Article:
It was not my intention to have written any Preface to this book, but to have allowed it simply to speak for itself. As it is very likely, however, that both it and the motives of its author may be misrepresented by bigoted or venal pens, I think it necessary to introduce it to the reader by a few brief observations. In the first place, then, I beg to say, that the work presents phases of Irish life and manners that have never been given to the public before by any other writer upon the same subject. So far, therefore, the book is a perfectly new book—not only to the Irish people, but also to the English and Scotch. I know not whether the authenticity of the facts and descriptions contained in it may be called in question; but this I do know, that there is not an honest man, on either side, who has lived in the north of Ireland, and reached the term of fifty years, who will not recognize the conduct and language of the northern Orangemen as just, truthful, and not one whit exaggerated. To our friends across the Channel it is only necessary to say, that I was born in one of the most Orange counties in Ireland (Tyrone)—that the violence and licentious abuses of these armed civilians were perpetrated before my eyes—and that the sounds of their outrages may be said still to ring in my ears.
I have written many works upon Irish life, and up to the present day the man has never lived who could lay his finger upon any passage of my writings, and say “that is false.” I cannot, however, avoid remarking here, that within the last few years, a more enlarged knowledge of life, and a more matured intercourse with society, have enabled me to overcome many absurd prejudices with which I was imbued. Without compromising, however, the truth or integrity of any portion of my writings, I am willing to admit, which I do frankly, and without hesitation, that I published in my early works passages which were not calculated to do any earthly good; but, on the contrary, to give unnecessary offence to a great number of my countrymen. It is due to myself to state this, and to say, that in the last edition of my works I have left as many of these passages out as I readily could, without diminishing the interest, or disturbing the narrative.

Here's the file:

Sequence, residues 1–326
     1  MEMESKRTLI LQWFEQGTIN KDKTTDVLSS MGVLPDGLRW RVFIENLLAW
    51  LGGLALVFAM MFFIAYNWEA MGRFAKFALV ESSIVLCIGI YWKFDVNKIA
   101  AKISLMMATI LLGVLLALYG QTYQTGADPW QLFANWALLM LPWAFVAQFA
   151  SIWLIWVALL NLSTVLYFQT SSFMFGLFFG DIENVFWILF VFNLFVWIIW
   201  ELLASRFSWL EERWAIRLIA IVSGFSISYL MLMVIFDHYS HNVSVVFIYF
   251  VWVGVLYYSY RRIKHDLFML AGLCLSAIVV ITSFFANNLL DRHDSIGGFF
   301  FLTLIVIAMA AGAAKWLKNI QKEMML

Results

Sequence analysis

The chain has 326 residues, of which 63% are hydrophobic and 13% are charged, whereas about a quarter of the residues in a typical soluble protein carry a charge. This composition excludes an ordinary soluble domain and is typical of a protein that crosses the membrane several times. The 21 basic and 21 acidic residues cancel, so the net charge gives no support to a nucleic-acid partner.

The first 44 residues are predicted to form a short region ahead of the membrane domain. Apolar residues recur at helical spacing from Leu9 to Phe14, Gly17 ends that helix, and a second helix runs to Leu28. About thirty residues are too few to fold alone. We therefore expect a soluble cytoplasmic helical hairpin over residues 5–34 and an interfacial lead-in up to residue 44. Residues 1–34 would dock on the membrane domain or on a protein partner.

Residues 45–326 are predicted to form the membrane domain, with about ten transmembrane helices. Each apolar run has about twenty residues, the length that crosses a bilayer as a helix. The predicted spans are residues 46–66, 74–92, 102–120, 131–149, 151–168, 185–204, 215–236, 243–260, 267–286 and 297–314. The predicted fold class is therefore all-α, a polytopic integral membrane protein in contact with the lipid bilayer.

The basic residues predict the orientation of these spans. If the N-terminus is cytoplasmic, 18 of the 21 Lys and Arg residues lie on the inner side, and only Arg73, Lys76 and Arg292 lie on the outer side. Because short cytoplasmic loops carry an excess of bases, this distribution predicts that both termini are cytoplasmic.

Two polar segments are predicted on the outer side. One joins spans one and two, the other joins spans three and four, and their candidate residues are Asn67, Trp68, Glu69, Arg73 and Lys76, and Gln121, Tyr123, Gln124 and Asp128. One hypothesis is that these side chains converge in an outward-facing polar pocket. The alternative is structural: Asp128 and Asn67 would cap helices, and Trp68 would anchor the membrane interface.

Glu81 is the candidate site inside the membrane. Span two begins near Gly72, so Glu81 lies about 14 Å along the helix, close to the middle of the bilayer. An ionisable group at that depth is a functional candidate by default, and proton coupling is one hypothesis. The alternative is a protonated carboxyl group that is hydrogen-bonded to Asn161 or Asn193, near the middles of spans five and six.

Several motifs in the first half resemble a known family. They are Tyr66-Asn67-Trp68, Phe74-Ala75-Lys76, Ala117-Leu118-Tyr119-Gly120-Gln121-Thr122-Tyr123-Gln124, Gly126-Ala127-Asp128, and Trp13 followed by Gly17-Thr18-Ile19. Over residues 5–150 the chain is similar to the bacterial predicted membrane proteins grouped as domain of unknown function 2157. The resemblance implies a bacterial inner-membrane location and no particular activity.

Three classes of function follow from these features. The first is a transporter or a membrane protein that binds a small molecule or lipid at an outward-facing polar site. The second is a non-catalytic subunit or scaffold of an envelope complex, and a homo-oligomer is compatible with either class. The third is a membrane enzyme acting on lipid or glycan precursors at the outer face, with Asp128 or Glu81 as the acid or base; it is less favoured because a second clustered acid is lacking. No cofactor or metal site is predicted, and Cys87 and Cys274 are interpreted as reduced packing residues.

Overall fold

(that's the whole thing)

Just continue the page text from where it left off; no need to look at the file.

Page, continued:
A fortiori, then, this book may be considered as full of truth and fidelity as any I have ever written: and I must say, that in writing it I have changed no principle whatsoever. I am a liberal Conservative, and, I trust, a rational one; but I am not, nor ever was, an Orangeman; neither can I endure their exclusive and arrogant assumption of loyalty, nor the outrages which it has generated. In what portion of my former writings, for instance, did I ever publish a line in their favor, or in favor of any secret and illegal confederacy?
Again, with regard to the Landlords and Agents, have I not written a tale called the “Poor Scholar,” and another called “Tubber Derg”? in both of which their corruptions and oppressions are exposed. Let it not be mistaken. The two great curses of Ireland are bad Landlords and bad Agents, and in nineteen cases out of every twenty, the origin of the crime lies with the Landlord or Agent, instead of the tenant.